What is CIPH? NAW AEC Summer Meeting CIPH is a not-for-profit trade association founded in Montreal in The Institute provides members with the tools for success in today's competitive environment. Over 260 companies are members. Members are the Manufacturers, Wholesaler Distributors, Master Distributors, Manufacturers' Agents and Allied Companies who manufacture and distribute plumbing, hydronic heating, industrial, waterworks and other mechanical products. CIPH wholesalers operate more than 700 warehouses and showrooms across Canada. Total industry sales exceed $6 billion annually.
The problems which Wholesaler Distributors have to deal with are: a.) Lack of Volume b.) Cost of Distribution c.) Rebates d.) Cash Discounts e.) Returns f.) Credits g.) Classification of Contractors h.) Faulty Trade Practices. NAW AEC Summer Meeting The Way we Were/Are CIPH President’s Address, Annual General Meeting, October, 1934
In dealing with these problems, Wholesaler Distributors should set up standards: 1.) To handle high-class products only and to discourage the manufacture of inferior materials. 2.) To carry sufficient stocks and not to pose as Wholesaler Distributors expecting the profit of a Wholesaler Distributor when they are in fact only agents in certain lines. 3.) To decide on a fair trade policy of selling as well as buying and outline this policy: a.) To have a fair selling price. b.) To protect in price the contractor, having due respect for the consumer and not restricting markets. NAW AEC Summer Meeting The Way we Were/Are
c.) To decide that where protection is given, the installer must accept responsibility for the merchandise. d.) To sell direct to the industries having their own installing staff. e.) To not sell to other Wholesaler Distributor, except as an accommodation. f.) To do a fair amount of independent advertising to sell more and better products. g.) To discourage mail order and direct selling. 4.) To agree on a uniform, fair and complete credit policy. NAW AEC Summer Meeting The Way we Were/Are CIPH President’s Address, Annual General Meeting, October, 1934
NAW AEC Summer Meeting Bricks & Mortar
1.Amazon will not go away. 2.Internet sales in plumbing is about 1.5% of Wholesaler Distributor volume. 3.Impact on certain categories. 4.Internet minimum advertised price. 5.Geographical complications to distribution rights. 6.Retail vs. Wholesaler Distributor impact. NAW AEC Summer Meeting Current Realities Challenges (Amazon.ca) Online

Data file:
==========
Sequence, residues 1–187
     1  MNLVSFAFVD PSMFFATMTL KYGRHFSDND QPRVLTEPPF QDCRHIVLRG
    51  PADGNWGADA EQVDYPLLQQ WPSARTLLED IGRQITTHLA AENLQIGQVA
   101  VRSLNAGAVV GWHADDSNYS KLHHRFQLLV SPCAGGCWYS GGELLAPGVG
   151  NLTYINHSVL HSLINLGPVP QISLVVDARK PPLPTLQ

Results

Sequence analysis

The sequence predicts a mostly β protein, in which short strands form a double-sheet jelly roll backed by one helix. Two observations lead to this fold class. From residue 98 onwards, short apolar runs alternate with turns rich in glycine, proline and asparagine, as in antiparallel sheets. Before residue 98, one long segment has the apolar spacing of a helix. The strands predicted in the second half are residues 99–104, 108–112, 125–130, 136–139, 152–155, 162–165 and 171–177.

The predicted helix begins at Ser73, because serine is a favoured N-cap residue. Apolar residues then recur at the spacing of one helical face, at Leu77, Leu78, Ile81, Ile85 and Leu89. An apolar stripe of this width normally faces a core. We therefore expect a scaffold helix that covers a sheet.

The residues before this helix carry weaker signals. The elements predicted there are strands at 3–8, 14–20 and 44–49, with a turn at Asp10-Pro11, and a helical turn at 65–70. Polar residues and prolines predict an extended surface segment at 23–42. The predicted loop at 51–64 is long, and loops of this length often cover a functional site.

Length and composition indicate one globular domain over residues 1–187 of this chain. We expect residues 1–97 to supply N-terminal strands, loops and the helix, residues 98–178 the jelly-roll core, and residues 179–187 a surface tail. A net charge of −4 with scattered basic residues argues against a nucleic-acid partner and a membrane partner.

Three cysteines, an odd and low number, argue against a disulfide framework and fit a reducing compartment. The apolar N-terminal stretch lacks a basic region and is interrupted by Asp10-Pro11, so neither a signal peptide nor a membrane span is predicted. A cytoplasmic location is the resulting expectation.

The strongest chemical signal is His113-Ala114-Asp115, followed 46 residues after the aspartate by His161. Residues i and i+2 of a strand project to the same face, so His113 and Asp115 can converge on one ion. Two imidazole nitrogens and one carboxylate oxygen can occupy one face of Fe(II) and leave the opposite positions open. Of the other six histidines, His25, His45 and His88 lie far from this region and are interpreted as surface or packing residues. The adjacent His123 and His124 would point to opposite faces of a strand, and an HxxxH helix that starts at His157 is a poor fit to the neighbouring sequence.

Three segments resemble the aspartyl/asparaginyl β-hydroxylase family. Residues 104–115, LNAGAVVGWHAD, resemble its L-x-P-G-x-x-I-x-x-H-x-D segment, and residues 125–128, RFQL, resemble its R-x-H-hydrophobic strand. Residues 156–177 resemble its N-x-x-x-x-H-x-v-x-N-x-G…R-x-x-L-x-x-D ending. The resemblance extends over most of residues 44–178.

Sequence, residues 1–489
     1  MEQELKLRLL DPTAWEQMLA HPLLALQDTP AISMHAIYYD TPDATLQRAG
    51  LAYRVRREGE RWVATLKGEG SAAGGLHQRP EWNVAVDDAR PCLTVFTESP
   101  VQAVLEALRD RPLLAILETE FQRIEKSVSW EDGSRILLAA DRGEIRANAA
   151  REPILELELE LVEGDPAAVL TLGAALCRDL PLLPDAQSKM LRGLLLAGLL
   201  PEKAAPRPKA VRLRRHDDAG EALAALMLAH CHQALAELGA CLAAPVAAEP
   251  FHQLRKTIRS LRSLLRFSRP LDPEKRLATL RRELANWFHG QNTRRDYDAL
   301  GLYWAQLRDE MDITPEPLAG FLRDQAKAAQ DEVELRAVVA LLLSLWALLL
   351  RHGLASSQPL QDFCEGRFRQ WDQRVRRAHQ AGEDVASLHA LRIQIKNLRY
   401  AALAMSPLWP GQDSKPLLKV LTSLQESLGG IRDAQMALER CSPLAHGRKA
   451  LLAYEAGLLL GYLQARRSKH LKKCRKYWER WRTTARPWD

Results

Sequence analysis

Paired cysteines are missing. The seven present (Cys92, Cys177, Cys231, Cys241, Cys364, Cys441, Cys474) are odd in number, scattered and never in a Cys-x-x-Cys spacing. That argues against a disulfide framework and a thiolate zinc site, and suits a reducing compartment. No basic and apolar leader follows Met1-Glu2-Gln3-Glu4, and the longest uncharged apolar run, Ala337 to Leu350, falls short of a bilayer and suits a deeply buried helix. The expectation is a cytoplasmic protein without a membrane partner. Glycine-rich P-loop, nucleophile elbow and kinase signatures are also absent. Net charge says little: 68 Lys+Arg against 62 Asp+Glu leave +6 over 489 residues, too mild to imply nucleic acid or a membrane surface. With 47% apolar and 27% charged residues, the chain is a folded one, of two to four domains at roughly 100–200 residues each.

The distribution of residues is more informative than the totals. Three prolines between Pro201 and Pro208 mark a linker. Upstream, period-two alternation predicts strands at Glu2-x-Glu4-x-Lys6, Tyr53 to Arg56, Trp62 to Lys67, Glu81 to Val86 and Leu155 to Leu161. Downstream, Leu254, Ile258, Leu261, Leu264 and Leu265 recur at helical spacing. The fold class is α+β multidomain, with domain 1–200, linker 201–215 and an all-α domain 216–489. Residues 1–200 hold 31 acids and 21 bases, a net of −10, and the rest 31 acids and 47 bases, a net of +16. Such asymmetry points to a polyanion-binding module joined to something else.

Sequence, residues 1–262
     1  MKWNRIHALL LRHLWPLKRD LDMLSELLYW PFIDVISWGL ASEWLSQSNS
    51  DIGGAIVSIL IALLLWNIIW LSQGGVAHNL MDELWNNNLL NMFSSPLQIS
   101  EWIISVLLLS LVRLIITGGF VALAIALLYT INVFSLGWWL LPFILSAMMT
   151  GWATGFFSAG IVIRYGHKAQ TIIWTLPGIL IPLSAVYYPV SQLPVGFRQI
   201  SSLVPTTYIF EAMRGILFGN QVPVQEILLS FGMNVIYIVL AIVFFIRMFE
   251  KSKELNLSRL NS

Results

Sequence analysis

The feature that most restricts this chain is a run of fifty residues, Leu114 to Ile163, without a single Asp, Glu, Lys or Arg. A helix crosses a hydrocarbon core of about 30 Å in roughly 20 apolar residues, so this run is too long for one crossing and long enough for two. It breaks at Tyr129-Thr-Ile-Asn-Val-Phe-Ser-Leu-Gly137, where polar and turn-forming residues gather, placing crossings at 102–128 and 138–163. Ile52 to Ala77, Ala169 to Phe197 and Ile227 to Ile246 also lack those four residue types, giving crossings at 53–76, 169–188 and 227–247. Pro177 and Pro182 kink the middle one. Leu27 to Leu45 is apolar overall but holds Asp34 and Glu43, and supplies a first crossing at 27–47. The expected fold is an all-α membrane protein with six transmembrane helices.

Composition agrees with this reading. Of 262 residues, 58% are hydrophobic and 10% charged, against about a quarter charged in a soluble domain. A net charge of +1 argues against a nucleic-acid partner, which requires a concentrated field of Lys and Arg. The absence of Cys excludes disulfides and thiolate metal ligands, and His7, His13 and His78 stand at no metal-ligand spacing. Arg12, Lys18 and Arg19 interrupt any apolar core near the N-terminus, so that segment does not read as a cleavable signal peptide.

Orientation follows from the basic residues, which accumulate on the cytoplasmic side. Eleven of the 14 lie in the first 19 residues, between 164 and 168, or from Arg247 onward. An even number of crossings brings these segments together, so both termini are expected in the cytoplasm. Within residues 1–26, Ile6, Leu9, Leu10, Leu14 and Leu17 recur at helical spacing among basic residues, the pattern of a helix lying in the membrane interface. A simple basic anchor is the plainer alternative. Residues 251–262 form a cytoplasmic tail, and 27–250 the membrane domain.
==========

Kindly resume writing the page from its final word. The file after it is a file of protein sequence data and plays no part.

Relationship of CIPH Wholesaler Distributors with professional contractors will continue to be key. Amazon has forced Wholesaler Distributors to be more technologically innovative and be more readily able to adapt. Manufacturers are now more involved in the Wholesaler Distributors’ plans. Wholesaler Distributors continue to use the internet as a sales and marketing tool. Wholesaler Distributors continue to embrace showroom sales. Data synchronization to help match Wholesaler Distributor and Manufacturer data to provide customers with the most robust sales data available. NAW AEC Summer Meeting Strengths/Opportunities
NAW AEC Summer Meeting “To date I've never bought anything from them, and in truth wouldn't know how they could benefit my company. But if they sold the same materials, had great delivery service, could take back the overage materials ordered without a restocking charge on the normal day-to-day materials that our industry uses, they stood behind the products they sold, any warranties were the same or better, they were knowledgeable about the product used, and they didn't finance my competition, then maybe we would look to them as a possible supplier. I seriously doubt they could ever do all of that, but again I wouldn't rule out what they can and can't do. Its certainly a ever-changing society. In truth there was a time I wouldn't have ever believed you could send a document through a machine and have it replicated elsewhere, and then I bought a fax machine. Lol. And now they are not used nearly as much as they were a few short years ago, since the Internet and s became the norm. I can't wait to see what's next.” - Past Chairman, Mechanical Contractors Association of Canada What does this mean?